What fruits have been borne by such generous fertilizing of the legislative terrain? It's impossible to tie the fate of any bit of legislation directly to an industry's lobbying power, but here are two unambiguous legislative victories won on the Hill this month by Monsanto and its peers.

China's Other Sleeping Giant Is the Other White Meat

| Wed Jun. 27, 2012 6:00 AM EDT

They're going hog wild in Iowa again. Chart: Des Moines RegisterThey're going hog wild in Iowa again. Chart: Des Moines RegisterSince the dawn of the Great Recession, Americans have been eating less meat, including pork. Meanwhile, prices of corn and soy—the main components of US livestock feed—have been high.

Lower demand, high feed costs: Basic economics tells us that US factory farms should be cutting back, slowing down, producing less. And that would be a good thing, because as I've written so many times before, our style of meat production sucks up huge amounts of resources and creates vast amounts of pollution.

Yet look what's happening in Iowa, by far the nation's leading hog-producing state. There, the Des Moines Register reports, there's been a boom in state-issued permits for new factory-scale hog confinements. As the chart to the right shows, new permits fell off dramatically in 2009, driven down by the low hog prices, but are now charging back up.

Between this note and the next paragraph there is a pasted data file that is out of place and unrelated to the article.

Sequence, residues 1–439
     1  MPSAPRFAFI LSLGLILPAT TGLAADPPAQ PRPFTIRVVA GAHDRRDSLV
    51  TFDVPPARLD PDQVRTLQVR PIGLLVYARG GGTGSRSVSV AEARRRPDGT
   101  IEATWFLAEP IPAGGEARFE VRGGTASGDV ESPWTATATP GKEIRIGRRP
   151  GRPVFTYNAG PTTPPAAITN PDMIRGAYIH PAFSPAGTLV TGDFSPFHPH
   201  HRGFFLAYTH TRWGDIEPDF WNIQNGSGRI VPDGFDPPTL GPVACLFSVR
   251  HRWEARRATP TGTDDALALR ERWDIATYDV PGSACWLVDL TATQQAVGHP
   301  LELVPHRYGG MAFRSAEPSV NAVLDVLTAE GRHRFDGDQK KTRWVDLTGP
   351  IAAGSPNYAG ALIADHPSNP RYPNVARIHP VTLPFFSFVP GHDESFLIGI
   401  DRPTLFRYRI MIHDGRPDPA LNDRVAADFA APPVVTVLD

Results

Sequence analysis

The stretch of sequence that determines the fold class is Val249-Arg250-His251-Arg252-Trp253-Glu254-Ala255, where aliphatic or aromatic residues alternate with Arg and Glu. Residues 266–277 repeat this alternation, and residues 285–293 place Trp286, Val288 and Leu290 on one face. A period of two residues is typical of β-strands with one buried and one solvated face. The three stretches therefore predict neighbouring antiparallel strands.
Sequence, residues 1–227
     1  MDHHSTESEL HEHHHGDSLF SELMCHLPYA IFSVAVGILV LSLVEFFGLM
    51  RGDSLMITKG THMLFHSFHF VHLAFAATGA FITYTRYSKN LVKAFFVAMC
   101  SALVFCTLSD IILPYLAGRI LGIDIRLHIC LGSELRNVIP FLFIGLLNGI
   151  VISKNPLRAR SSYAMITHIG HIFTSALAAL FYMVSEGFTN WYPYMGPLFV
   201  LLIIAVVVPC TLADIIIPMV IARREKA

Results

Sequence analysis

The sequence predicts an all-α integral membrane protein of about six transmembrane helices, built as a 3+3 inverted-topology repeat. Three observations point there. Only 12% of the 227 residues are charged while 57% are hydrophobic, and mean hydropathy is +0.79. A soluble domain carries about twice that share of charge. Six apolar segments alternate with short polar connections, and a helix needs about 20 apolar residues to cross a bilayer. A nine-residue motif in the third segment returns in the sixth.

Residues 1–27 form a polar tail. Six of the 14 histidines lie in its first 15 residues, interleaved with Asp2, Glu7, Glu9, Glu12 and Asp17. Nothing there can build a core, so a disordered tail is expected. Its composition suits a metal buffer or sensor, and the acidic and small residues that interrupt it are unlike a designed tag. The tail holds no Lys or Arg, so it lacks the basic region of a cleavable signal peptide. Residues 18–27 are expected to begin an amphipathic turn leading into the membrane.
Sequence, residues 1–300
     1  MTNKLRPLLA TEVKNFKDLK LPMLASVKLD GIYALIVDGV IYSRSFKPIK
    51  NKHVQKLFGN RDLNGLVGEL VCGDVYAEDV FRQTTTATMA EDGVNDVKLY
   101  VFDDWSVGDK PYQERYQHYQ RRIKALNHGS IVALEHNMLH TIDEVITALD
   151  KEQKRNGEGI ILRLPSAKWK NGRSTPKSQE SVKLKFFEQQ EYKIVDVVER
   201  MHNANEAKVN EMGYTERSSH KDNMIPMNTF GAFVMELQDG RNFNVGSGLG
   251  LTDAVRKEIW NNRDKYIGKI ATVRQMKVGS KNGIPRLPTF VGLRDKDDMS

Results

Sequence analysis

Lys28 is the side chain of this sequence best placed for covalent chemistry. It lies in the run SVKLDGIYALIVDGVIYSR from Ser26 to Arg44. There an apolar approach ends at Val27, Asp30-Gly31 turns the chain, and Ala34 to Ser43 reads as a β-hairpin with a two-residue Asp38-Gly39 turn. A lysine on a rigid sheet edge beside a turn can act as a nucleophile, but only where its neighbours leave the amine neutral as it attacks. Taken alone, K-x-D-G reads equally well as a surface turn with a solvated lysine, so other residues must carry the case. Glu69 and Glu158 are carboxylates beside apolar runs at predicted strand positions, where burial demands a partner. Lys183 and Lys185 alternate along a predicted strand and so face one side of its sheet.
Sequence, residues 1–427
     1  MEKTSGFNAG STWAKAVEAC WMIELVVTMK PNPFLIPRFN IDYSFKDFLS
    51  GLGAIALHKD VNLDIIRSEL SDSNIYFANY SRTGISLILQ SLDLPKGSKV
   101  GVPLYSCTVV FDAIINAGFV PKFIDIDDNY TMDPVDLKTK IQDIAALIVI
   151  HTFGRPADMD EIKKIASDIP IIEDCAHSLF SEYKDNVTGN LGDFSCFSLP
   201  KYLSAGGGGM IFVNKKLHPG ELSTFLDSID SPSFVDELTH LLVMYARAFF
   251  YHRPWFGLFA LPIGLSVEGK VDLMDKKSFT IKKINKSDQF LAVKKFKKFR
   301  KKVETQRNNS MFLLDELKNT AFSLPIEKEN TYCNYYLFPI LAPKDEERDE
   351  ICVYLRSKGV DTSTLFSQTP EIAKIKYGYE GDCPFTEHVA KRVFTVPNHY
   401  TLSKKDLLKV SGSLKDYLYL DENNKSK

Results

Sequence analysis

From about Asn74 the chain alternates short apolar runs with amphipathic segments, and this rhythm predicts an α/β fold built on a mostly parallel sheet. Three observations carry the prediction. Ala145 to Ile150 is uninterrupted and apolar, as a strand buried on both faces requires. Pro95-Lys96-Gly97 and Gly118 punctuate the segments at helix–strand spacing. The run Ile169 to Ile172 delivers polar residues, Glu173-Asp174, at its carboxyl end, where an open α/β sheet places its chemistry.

The Senate Farm Bill: It Could Have Been Worse

| Fri Jun. 22, 2012 4:30 PM EDT
Sen. Debbie Stabenow (D-Mich.), chair of the Senate Agriculture Committee

As the 2012 farm bill zipped its way through the Senate—passing Thursday by a vote of 64-35— I kept thinking of something that veteran farm policy watcher Fred Hoefner of the National Sustainable Agriculture Coalition told me back in April.

He said that the Senate version represents the bill's "high-water mark" in terms of progressive policy—that whatever the Senate comes up will be pushed in more Big Ag-friendly, regressive directions during reconciliation with the House.

Well, as expected, the Senate version of the farm bill preserves the broad incentives that have been in place for US agriculture for decades: Grow as much corn, soy, and a few other commodities as possible. It achieves it through insurance schemes described in my April post.

Poll: Americans Don't Want Antibiotics in Their Meat

| Thu Jun. 21, 2012 2:40 PM EDT

For decades, FDA saw its duty to reckon with antibiotic abuse on factory livestock farms like many of us see the dentist: as something to be put off as long as possible. Meanwhile, evidence piled up like manure in a chicken factory that giving animals small, daily antibiotic doses gives rise to antibiotic-resistant pathogens that threaten people.